For all the fun and enjoyment of a good ride on your bike, cycling pain is a potential problem. While cycling is known for its fractures from high speed falls, it is the repetitive motion of cycling that causes most cyclists pain unnecessarily.As a recreational cyclist myself, I am aware of knee pain, back pain, hip pain, sciatica and neck pain from a poor bike setup and long periods in the wrong position.
Whether you are interested in road cycling, triathlons, mountain biking, or just the commute to work, all cycling injury prevention principles are similar, but do vary depending on the performance you want out of yourself and your bike.
Bike Setup - How to Setup Your Bike
A comfortable and efficient riding position is vital. It is important that your bike is properly set-up and adjusted. If your bike is adjusted to suit your particular body size and shape you will be able to ride longer distances with less effort. The most common bike settings include:
◾The ball of your foot should be centred over the pedal axle.
◾Small feet and high cadence pedlars place the ball of your foot slightly behind centre.
◾Sit on the saddle with the crank arm perpendicular to the ground and heel (shoes on) on the top of the pedal.
◾Your leg should be in the straight “locked” position.
◾Your saddle top surface should be parallel with the road surface.
Saddle Front/Back Adjustment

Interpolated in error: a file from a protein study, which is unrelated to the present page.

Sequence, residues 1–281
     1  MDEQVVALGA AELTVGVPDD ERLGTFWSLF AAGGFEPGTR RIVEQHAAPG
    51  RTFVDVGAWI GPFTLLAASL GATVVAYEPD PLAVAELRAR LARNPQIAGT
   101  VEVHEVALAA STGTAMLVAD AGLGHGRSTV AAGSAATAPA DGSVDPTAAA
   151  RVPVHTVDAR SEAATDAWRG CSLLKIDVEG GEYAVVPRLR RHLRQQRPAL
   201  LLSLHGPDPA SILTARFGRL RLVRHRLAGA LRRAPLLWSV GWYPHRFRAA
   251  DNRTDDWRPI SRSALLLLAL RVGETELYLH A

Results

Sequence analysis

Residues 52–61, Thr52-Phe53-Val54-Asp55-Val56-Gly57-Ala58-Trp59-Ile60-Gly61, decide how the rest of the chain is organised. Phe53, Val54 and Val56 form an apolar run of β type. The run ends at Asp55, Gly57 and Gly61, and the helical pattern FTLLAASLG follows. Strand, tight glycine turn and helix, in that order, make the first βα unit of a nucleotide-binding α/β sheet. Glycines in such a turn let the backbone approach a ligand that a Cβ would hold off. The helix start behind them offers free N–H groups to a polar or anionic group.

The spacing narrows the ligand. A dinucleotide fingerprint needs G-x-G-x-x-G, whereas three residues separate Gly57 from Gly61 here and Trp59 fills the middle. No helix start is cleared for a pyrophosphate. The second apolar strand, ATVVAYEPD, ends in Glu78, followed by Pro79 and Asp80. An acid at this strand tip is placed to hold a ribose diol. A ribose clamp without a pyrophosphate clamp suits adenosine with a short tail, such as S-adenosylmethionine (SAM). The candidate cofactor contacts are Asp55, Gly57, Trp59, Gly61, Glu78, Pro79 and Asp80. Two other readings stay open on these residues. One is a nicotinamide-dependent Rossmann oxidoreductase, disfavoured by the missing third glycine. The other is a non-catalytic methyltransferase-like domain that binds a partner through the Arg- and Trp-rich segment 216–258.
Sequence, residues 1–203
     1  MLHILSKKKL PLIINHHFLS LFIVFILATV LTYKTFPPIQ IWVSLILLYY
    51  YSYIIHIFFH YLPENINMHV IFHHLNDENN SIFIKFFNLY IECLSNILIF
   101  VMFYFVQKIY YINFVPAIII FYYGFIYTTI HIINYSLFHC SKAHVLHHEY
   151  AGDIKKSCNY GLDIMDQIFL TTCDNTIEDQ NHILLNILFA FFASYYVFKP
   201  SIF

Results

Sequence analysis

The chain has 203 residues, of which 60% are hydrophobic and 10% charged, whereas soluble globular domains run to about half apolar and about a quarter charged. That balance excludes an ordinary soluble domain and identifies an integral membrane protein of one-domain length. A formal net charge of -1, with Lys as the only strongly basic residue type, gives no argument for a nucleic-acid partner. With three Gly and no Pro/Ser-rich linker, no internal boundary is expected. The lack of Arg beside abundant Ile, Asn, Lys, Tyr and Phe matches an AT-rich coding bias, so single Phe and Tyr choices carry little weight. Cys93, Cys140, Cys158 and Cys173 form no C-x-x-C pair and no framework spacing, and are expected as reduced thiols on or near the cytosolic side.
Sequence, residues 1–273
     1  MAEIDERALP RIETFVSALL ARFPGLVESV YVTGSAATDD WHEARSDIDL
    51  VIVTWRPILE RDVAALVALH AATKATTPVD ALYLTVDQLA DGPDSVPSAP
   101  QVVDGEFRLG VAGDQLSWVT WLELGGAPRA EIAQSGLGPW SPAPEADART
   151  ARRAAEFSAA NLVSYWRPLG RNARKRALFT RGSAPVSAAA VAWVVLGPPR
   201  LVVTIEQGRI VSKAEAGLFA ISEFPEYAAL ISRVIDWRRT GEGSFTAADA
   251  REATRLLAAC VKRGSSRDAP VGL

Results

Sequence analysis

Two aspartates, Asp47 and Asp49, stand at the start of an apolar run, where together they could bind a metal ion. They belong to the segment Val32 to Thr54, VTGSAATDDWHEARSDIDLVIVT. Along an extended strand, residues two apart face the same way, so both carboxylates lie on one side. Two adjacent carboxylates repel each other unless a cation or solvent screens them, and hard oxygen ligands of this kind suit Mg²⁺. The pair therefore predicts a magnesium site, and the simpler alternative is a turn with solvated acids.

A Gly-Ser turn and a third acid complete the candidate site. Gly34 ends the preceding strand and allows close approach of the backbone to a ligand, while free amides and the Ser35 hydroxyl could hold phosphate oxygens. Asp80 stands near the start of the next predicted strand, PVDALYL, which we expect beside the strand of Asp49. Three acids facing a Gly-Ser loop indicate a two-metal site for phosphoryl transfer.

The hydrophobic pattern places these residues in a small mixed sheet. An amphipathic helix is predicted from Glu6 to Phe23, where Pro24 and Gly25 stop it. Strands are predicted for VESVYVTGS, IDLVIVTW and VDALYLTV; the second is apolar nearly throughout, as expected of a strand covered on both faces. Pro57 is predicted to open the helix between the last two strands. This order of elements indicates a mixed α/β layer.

◾Sit on your bike in your normal riding position with the cranks in the 3 and 9 o’clock position.
◾Your saddle is correctly positioned when your tibial tuberosity (the bump at the top of the shin bone) is 1cm behind the pedal axle.
Stem and Handlebars
◾Correct stem height can be somewhere between level with the saddle height or as much as 6 cm below. The preferred range is 2.5cm to 4.5cm lower.
◾Check to ensure that your knee just clears your elbow when seated on your bike with the cranks in the 3/9 o’clock position.
◾Sit on your bike in your normal riding position and your arms should be at 90 degrees to your torso.
Adjusting to Your New Position
It takes time to settle in to the new position and you may still have to do some alterations. Overall you should feel much better when you ride and less strained afterwards.
For Further Information?
The Physiotherapist at Advanced Physio West will be able to identify if you have any lack of motion, strength deficits and help you address any possible sources of injury.
Common Sources of Cycling Pain:
•AC Joint Injury
•Carpal Tunnel Syndrome
•Facet Joint Pain
•Femoroacetabular Impingement (FAI)
•Hip Labral Tear
•Knee Ligament Injuries
•Patella Tendonitis (Tendinopathy)
•Patellofemoral Pain Syndrome
•Rotator Cuff Syndrome
•Trochanteric Bursitis (Bursitis Hip)
If you would like more information on Cycling injuries or to arrange an appointment with the Physiotherapist at Advanced Physio West in Roscommon or Galway, please phone 090 6626023/ 086 3758169 or book online
Article by Paul Lennon (Physiotherapist)